As the sun sets on Concordia Lutheran Church in Williston, North Dakota, a pile of shoes stacked outside the activity hall hints at events inside.
The heavy leather work boots are stained with oil and the reddish dust that churns through the air in the small but growing town. The population has tripled in less than 10 years. New drilling technology has revived the state's oil industry. About 20 new oil-patch workers arrive in the 20,000-person town every day, by Mayor Ward Koeser's estimate. Each worker faces the same challenge within 24 hours of arriving in this prairie town: finding a bed in a boomtown bursting at the seams that offers nothing even resembling a homeless shelter.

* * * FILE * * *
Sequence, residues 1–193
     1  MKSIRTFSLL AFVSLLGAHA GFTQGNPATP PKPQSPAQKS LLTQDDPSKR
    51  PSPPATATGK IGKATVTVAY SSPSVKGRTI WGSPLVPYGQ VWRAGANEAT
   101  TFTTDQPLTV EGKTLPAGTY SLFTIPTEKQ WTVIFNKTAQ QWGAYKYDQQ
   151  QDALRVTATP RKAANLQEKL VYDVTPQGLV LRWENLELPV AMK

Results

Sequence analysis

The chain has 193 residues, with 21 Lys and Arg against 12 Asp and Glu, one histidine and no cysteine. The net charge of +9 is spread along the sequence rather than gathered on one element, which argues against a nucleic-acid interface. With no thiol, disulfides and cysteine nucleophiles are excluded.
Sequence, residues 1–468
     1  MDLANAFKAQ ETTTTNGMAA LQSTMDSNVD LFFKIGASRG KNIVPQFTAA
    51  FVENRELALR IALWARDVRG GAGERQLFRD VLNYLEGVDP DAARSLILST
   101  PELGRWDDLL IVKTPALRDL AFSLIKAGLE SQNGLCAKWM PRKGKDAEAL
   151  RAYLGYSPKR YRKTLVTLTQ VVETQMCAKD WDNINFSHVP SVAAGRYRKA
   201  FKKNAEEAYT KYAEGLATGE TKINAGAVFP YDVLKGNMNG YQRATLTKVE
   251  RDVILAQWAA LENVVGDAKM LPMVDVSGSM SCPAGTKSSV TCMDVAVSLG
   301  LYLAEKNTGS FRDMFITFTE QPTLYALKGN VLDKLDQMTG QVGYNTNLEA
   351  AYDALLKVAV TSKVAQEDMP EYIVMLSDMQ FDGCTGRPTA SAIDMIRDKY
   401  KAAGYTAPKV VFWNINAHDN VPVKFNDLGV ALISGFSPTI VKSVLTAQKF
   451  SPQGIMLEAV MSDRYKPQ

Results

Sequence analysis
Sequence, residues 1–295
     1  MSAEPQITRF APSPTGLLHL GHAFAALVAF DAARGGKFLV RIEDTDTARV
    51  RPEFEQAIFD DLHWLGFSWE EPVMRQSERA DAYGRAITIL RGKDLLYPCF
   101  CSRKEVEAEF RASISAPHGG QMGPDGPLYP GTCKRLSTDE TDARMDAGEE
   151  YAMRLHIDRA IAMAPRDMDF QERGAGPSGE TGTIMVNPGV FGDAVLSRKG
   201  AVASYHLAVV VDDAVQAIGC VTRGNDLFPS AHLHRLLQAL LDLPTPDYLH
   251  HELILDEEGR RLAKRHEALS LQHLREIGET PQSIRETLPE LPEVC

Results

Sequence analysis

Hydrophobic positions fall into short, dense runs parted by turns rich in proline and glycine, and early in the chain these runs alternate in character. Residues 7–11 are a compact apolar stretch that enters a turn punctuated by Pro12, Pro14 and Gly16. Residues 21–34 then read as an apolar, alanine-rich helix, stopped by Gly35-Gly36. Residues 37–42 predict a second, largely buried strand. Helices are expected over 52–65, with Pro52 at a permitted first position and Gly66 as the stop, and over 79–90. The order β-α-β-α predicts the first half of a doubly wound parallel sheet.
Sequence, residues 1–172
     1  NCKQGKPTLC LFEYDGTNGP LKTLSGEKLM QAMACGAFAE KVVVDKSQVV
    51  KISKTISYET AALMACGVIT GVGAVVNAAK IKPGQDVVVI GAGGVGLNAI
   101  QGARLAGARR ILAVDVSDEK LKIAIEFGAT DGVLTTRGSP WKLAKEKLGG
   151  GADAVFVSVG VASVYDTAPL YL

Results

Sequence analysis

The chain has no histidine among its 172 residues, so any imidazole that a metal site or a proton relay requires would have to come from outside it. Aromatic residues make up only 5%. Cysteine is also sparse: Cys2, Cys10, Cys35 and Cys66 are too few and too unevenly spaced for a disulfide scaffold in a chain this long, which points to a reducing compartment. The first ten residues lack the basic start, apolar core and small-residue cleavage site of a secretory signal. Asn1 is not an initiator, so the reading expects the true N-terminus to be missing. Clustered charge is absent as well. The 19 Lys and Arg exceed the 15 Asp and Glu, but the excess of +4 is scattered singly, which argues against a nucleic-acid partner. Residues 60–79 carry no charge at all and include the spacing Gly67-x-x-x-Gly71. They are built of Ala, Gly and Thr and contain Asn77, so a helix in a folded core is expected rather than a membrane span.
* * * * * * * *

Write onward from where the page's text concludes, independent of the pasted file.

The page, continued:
Many employers supply housing in "man camps" (which may also include women and families), but job-seekers who drive, bus, or take the train to town must find their own place to stay until they find a job. Hotels get booked weeks in advance and charge upwards of $100 per night. Concordia Lutheran is the only place in town with open beds and a charitable price tag.
Williston's churches have a prime opportunity to show hospitality and meet the earthly needs of new arrivals. However, many church leaders face the lack of resources for providing such care, not to mention local resistance.
Koeser told Christianity Today that this situation is tailor-made for a church to reach into the lives of people who otherwise might have no interest in religion. "They may not understand the whole process of trying God, but they will try the church," Koeser said.
One year ago, Concordia Lutheran pastor Jay Reinke became one of the Christians willing to respond. He stumbled into his current role of offering his church's ...